When a recycling value chain is working well, it also prevents littering, saves resources and reduces climate impact. To ensure our recycling efforts are aligned across our business, in 2018, Tetra Pak established new circular economy teams, organised in our global sustainability function.
We use high quality raw materials to make our packaging and fulfil our mission to make food safe and available everywhere. Once our packaging has fulfilled its purpose, those raw materials shouldn’t go to waste. Instead, they can be collected and - using relatively simple techniques - recycled into something useful.
On average, more than 70 percent of our packaging material is made from long, strong paper fibres that can be recycled several times. The thin layer of polymers – or plastics – in our beverage cartons can be blended with other polymers and turned into new products, such as roofing tiles, crates, carton boxes and more.
As we continue to drive collection and fibre recycling, we are also increasing our focus on polymer recycling in our packaging. As part of our recent pledge to the EU Plastics Strategy, we will work with partners to ensure that by 2030, recycling solutions are in place for all components of our beverage cartons.
Recycling contributes to a circular economy that keeps valuable materials in use; it also helps prevent littering, saves resources, and reduces climate impact.
In 2010, we set a goal to double our recycling rate to 40 percent by 2020. We were the first packaging company to set such an ambitious target and have made considerable progress towards it. In 2018, our global recycling rate was 26 percent (from 25 percent in 2017). However, it is important to note that through our initiatives we have contributed to recycling a lot more than that, accounting for 40 percent of all packages in the market. Used beverage cartons are collected in 77 markets around the world, and PolyAl is collected in 48.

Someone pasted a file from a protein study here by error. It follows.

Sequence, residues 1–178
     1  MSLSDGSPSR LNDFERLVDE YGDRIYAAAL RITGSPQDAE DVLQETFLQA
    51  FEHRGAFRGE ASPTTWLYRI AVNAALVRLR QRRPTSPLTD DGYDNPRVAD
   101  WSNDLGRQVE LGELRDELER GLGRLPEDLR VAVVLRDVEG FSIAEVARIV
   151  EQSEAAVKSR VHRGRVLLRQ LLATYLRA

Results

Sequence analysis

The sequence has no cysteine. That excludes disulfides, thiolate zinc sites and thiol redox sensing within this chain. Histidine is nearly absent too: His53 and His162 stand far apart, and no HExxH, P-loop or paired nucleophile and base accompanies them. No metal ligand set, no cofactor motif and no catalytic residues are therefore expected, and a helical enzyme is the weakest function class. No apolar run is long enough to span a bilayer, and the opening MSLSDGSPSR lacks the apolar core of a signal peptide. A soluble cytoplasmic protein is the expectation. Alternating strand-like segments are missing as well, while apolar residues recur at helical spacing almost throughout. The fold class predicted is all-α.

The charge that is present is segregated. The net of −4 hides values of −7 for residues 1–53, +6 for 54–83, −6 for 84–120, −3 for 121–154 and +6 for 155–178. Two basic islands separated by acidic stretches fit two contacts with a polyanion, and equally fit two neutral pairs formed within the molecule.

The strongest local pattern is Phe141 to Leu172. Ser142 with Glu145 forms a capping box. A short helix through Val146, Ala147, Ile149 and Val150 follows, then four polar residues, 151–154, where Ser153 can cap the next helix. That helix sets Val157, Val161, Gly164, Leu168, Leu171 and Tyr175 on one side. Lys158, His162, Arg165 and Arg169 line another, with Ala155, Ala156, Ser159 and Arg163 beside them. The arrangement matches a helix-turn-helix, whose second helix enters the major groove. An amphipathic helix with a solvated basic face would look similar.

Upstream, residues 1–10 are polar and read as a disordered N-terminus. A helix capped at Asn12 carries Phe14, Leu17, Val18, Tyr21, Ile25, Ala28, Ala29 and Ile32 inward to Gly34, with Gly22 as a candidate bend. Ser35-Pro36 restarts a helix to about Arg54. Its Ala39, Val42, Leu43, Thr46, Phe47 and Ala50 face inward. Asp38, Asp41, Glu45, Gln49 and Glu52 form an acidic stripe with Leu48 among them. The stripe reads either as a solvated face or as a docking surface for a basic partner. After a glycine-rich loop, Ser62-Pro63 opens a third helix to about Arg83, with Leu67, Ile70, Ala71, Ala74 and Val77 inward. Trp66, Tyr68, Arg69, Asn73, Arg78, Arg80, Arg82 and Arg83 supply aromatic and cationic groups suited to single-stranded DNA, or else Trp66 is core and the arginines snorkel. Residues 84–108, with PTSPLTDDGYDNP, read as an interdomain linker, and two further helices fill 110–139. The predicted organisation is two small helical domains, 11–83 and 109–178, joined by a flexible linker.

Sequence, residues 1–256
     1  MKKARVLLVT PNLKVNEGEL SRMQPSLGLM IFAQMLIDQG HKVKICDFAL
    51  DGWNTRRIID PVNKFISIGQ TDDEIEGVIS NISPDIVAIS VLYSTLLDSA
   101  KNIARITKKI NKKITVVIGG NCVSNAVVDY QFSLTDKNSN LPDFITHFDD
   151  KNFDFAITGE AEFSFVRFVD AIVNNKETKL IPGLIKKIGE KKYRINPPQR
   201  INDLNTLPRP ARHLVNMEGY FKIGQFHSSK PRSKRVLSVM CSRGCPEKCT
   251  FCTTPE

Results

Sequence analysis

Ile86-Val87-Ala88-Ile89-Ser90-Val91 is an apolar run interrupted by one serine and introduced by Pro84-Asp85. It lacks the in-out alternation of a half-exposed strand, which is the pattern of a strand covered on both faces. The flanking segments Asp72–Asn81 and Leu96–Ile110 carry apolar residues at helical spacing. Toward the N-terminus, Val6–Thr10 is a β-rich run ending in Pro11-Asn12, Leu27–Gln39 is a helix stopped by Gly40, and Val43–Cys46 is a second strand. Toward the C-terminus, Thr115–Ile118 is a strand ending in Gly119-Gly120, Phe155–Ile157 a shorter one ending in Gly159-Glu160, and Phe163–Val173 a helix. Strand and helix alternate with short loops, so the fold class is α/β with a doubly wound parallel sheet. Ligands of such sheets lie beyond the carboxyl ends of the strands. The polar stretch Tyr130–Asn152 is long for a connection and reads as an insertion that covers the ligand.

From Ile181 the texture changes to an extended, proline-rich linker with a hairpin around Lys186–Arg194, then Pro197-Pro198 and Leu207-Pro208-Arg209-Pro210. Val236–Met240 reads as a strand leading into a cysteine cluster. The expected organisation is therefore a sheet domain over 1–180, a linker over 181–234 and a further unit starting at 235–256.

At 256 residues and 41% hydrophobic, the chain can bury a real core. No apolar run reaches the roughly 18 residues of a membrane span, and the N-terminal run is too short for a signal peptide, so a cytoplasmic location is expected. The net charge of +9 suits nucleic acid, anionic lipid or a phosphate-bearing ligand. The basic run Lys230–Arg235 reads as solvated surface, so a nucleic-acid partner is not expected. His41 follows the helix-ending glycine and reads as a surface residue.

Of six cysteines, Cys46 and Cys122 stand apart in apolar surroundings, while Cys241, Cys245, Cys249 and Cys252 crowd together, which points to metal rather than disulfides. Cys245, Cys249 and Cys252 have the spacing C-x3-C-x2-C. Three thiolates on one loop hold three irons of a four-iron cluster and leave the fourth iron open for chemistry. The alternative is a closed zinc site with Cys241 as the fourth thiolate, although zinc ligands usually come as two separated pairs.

Setting the goal was the right thing to do; it provided a direction that focused our work. The target raised the importance of recycling – both within and outside Tetra Pak. It helped us align partners along our value chain, and significantly improve recycling awareness and infrastructure along the way.
During this time, we also evolved our approach to recycling. We learned that every market has different needs and levels of maturity. Rather than focus on a global single indicator - overall recycling rate - we need to perform against more specific and locally relevant objectives. These keep us competitive and mean we will continue to meet the needs of our customers and other stakeholders. While recycling rate remains a relevant metric, a global recycling rate is no longer indicative of our main target nor the most meaningful measure.
Recycling works when all the necessary factors are in place and well connected. A weak or missing local link – such as a lack of efficient collection systems, separate collection of packaging and waste management infrastructure – is a challenge. With our new range of market-relevant objectives, we can tailor our approach to focus on actions with the greatest potential for impact or progress; we can zero in on the right problem in any given geography and solve it in the right way. We are currently driving local recycling initiatives in more than 70 countries.
Our new set of objectives and relevant metrics fall into six categories: consumer awareness, customer awareness and collaboration, collection and sorting, fibre recycling, PolyAl recycling and increasing the value of recycled materials.
Some examples of recycling objectives in action
We take a value chain approach to recycling. This means working on everything from consumer awareness, and collection and sorting infrastructure, through to expanding market opportunities for recycled materials and boosting business opportunities for recycling entrepreneurs. Partnering and connecting stakeholders is critical to building sustainable recycling value chains. We collaborate and associate with a wide range of local and global stakeholders, including waste management companies, recyclers, municipalities industry associations and equipment suppliers.
Read more about how we build recycling value chains
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